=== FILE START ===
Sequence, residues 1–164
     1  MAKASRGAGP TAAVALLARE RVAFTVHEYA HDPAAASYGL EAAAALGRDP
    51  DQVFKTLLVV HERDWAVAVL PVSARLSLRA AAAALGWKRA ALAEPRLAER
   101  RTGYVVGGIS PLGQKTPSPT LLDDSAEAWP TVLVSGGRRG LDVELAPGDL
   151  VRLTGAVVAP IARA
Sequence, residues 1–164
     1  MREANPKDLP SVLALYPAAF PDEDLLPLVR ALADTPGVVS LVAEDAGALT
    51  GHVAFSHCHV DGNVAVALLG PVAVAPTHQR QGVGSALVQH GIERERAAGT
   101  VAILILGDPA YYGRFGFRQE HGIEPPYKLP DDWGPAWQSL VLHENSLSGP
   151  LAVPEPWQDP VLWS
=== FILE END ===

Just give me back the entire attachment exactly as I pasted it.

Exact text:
Sequence, residues 1–164
     1  MAKASRGAGP TAAVALLARE RVAFTVHEYA HDPAAASYGL EAAAALGRDP
    51  DQVFKTLLVV HERDWAVAVL PVSARLSLRA AAAALGWKRA ALAEPRLAER
   101  RTGYVVGGIS PLGQKTPSPT LLDDSAEAWP TVLVSGGRRG LDVELAPGDL
   151  VRLTGAVVAP IARA
Sequence, residues 1–164
     1  MREANPKDLP SVLALYPAAF PDEDLLPLVR ALADTPGVVS LVAEDAGALT
    51  GHVAFSHCHV DGNVAVALLG PVAVAPTHQR QGVGSALVQH GIERERAAGT
   101  VAILILGDPA YYGRFGFRQE HGIEPPYKLP DDWGPAWQSL VLHENSLSGP
   151  LAVPEPWQDP VLWS